Mark Webber picks out when frictions with Sebastian Vettel really began to spark

Thomas Maher
Red Bull drivers Mark Webber and Sebastian Vettel at the 2009 German Grand Prix. Nurburgring, July 2009.

Mark Webber believes friction between himself and Sebastian Vettel began some time before it went public at the 2010 Turkish Grand Prix.

While Vettel and Webber had had a largely agreeable stint as teammates at Red Bull after Vettel’s promotion from Toro Rosso at the end of 2008, their clash at the 2010 Turkish Grand Prix while fighting over first place indicated that all was not well behind the scenes.

That incident, which cost Red Bull victory as Vettel retired on the spot while Webber required repairs in the pits, was the first significant flashpoint between what would be a particularly uneasy teammate relationship until the Australian retired from F1 at the end of 2013.

Speaking on Sky Germany at the Abu Dhabi Grand Prix, both Vettel and Webber looked back over their time as teammates at Red Bull – the tensions of the time having dissipated in the years since.

Vettel revealed how a ‘kind’ Webber had helped him out after his very first Formula 1 test with Williams in 2005, with Webber revealing that Vettel had not been physically ready for the brutality of the 2005 V10-engined car.

Sebastian Vettel and Mark Webber’s partnership turns acrimonious

Vettel and Webber’s relationship deteriorated once they became teammates, with the Australian asked whether Turkey 2010 was the moment their partnership turned sour.

“Probably even before then,” he said.

“It’s easy to be teammates when you’re building to a scenario – P5 and P6, doesn’t matter. But when you start to go for victories, and you start to see a championship come alive, then there’s a bit more tension, on the engineers, on the drivers.

“We’re looking for that last half a tenth, you want to make sure that you can try to have. It’s another rival actually. There was a race before we had the incident [in Turkey] the year before, in 2009, there was a strategy where Sebastian wasn’t happy with my strategy and I won the race.”

Webber was likely referring to the 2009 German Grand Prix, in which Webber led home a Red Bull 1-2 to claim his maiden F1 victory – this was despite the Australian serving a drive-through penalty for a boisterous defence against Rubens Barrichello on the run to the first corner. The result meant that Vettel didn’t gain as many points against Jenson Button as he could have, during what was then his and Red Bull’s first tilt at a title.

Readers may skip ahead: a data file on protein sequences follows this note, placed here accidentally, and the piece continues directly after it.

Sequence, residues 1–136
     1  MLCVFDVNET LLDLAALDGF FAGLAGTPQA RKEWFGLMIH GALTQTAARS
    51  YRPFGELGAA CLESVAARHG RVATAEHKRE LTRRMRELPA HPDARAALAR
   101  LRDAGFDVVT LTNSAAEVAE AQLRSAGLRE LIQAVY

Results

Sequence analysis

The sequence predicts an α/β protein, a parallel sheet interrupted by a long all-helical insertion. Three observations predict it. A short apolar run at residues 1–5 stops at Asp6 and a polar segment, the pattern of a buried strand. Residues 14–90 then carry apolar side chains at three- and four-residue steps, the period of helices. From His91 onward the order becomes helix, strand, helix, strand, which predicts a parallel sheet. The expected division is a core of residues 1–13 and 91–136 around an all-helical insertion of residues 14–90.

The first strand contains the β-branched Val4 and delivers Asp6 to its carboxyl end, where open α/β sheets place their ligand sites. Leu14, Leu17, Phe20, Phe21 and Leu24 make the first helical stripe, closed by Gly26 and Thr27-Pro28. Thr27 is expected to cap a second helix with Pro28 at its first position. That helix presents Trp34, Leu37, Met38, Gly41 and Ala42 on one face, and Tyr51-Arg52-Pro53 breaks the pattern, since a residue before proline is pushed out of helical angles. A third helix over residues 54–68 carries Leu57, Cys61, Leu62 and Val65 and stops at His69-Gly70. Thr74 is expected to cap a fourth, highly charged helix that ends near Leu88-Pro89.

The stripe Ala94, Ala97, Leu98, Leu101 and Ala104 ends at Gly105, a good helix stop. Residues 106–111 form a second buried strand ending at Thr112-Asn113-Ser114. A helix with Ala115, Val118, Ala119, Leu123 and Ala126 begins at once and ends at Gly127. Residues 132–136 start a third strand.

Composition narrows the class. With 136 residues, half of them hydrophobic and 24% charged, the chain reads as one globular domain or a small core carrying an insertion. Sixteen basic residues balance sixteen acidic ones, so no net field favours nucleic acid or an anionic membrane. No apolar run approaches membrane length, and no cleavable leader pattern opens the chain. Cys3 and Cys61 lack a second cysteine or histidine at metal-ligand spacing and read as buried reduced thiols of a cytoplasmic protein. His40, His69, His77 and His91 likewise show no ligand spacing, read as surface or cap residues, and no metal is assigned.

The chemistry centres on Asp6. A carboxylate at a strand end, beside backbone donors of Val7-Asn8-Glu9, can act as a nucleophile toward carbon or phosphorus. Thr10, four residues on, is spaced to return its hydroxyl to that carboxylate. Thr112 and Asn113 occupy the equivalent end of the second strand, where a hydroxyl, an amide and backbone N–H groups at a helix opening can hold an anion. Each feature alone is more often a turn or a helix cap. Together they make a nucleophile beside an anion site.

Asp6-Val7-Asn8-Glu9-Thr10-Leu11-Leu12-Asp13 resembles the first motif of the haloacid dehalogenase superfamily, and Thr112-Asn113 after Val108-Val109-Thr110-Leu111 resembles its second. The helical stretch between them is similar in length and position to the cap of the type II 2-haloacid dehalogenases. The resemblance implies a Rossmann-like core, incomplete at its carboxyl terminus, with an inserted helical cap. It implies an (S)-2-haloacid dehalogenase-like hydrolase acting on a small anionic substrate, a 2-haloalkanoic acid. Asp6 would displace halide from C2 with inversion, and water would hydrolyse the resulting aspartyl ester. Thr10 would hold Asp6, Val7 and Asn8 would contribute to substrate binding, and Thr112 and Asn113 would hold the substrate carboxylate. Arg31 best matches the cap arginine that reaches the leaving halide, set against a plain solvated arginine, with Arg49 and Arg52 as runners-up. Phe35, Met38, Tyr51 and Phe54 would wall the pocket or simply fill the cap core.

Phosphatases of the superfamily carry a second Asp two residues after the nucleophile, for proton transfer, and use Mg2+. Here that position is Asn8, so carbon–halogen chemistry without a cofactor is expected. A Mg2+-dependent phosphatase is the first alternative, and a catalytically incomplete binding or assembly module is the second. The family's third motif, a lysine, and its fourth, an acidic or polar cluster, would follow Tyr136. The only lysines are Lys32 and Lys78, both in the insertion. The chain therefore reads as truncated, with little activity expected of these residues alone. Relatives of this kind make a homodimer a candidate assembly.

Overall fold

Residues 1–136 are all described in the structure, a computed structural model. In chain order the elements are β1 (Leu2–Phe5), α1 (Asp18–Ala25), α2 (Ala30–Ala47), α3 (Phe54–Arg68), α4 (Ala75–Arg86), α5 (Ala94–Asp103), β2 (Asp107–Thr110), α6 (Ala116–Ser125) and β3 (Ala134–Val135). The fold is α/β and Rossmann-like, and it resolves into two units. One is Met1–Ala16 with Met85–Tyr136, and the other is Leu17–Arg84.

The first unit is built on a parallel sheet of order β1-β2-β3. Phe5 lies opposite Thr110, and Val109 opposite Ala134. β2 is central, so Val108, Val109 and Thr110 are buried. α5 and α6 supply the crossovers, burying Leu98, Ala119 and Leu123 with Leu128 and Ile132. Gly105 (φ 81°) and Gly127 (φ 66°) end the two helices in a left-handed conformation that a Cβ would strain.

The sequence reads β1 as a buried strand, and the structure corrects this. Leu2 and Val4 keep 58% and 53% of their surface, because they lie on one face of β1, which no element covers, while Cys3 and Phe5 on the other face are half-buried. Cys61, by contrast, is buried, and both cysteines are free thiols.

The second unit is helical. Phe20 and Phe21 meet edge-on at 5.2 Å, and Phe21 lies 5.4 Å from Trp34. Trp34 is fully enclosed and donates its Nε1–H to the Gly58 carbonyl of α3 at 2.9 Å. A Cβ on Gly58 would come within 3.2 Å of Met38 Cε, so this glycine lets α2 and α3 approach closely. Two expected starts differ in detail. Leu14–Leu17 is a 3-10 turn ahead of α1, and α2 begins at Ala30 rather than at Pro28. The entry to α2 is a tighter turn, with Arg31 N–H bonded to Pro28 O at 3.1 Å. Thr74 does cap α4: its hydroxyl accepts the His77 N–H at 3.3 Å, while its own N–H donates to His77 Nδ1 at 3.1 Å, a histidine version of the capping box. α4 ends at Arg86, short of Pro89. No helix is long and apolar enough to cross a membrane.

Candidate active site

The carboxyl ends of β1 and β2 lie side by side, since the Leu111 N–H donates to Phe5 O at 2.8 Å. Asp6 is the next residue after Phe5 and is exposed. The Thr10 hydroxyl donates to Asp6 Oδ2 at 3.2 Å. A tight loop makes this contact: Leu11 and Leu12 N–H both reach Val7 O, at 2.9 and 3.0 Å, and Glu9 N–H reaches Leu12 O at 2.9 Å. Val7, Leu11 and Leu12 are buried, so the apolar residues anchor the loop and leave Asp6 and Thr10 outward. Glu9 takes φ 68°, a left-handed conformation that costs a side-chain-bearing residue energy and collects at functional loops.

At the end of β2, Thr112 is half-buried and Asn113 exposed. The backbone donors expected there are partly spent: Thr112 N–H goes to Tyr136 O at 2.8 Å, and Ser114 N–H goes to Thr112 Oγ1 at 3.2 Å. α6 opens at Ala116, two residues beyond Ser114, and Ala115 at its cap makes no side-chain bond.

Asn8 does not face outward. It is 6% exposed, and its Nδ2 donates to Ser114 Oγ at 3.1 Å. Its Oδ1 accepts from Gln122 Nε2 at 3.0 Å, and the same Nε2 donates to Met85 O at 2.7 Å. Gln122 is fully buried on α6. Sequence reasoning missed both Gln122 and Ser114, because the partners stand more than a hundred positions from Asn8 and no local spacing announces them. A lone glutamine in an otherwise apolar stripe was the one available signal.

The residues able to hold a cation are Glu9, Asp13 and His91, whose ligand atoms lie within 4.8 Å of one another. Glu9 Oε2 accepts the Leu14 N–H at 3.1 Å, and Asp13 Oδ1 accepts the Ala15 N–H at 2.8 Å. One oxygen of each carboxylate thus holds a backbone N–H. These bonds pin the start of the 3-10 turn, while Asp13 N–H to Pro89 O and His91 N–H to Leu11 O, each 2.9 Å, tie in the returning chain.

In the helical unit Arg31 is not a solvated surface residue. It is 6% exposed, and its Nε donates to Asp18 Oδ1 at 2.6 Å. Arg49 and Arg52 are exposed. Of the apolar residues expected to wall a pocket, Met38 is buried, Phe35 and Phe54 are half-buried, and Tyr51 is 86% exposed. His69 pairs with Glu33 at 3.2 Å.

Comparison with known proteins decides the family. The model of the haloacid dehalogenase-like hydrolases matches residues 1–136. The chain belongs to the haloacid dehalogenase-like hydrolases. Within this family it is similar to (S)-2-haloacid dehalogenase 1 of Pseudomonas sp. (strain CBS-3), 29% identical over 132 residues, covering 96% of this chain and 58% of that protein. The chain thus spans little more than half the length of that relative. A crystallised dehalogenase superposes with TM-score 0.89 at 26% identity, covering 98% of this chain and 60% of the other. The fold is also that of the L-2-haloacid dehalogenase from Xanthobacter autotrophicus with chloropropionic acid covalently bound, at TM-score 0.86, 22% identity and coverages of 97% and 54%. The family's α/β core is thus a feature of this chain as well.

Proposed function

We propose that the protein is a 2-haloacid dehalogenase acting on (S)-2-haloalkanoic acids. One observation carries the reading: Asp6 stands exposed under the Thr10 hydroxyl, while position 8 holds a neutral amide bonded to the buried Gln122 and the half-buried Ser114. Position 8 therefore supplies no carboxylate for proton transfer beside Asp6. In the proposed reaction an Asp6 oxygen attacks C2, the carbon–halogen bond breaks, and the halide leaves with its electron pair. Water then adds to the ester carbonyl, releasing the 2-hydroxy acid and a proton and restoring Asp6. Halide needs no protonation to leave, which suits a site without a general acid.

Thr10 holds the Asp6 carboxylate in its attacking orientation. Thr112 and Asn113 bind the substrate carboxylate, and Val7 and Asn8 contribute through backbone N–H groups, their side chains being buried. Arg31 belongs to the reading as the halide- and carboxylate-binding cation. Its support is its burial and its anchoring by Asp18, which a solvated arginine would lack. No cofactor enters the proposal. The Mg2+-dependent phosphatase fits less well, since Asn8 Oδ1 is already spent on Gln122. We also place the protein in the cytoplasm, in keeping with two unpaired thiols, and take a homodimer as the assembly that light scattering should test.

“Then it just went on, a little friction here and there,” Webber explained.

“Of course, then we had some contact and overall it was a challenging season finishing here [in Abu Dhabi].

“[There was] huge pressure on the team, [it was the] first time for them to be in that scenario. For us, we drove each other to the limits.

“But I was one of the first guys to congratulate him when he won the title in 2010. I went to his room and congratulated him. Of course, it was gutting for me, I was empty. It was tough but, in the end, he made me a better driver because he forced me to be better.”

Why did Mark Webber struggle against Sebastian Vettel?

Having stacked up favourably against Vettel during 2009 and ’10, Webber lost out badly to his teammate in 2011 – never regaining the upper hand over the remaining two years of his career. Webber said he felt the introduction of the Pirelli tyres in 2011 had made a big difference, as he simply couldn’t adapt as easily as his younger teammate.

“In ’09, Seb was very strong and in ’10, but it was not something that I didn’t think was beatable,” he said.

“I could beat him on my day, I could still have a chance to compete against him very, very evenly.

“Where the headaches and the huge problems for me came was when Pirelli arrived. He had the first world title, the confidence was high. I was really nowhere in 2011, I was not good enough to adapt to these type of regulations. Same age as him now, really old!

“So it takes time to change the new tricks for the old dog, so that’s when I thought ‘OK, now I have a headache on my hands’. But I was still in a good team. I had chances for victories and Sebastian, at certain tracks, was just unstoppable.”

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